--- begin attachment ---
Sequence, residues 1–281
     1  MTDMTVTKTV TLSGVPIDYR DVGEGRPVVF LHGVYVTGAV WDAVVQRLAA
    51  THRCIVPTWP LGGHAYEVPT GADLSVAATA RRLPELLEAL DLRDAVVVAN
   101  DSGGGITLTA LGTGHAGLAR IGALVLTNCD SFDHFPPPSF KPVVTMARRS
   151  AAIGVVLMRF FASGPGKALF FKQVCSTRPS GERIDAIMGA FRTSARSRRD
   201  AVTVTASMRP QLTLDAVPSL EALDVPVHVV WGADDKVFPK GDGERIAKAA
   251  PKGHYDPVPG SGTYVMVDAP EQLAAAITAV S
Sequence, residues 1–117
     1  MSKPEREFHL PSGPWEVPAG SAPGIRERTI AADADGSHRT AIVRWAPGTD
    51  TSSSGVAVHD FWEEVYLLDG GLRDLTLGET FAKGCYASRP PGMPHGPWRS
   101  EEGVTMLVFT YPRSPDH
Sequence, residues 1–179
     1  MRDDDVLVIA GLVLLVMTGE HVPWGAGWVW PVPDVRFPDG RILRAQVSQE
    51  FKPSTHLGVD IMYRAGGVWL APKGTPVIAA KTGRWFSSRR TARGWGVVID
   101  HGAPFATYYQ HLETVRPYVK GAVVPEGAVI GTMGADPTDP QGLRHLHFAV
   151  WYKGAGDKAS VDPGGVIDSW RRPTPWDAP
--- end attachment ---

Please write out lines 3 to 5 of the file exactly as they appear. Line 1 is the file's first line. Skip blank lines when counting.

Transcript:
    51  THRCIVPTWP LGGHAYEVPT GADLSVAATA RRLPELLEAL DLRDAVVVAN
   101  DSGGGITLTA LGTGHAGLAR IGALVLTNCD SFDHFPPPSF KPVVTMARRS
   151  AAIGVVLMRF FASGPGKALF FKQVCSTRPS GERIDAIMGA FRTSARSRRD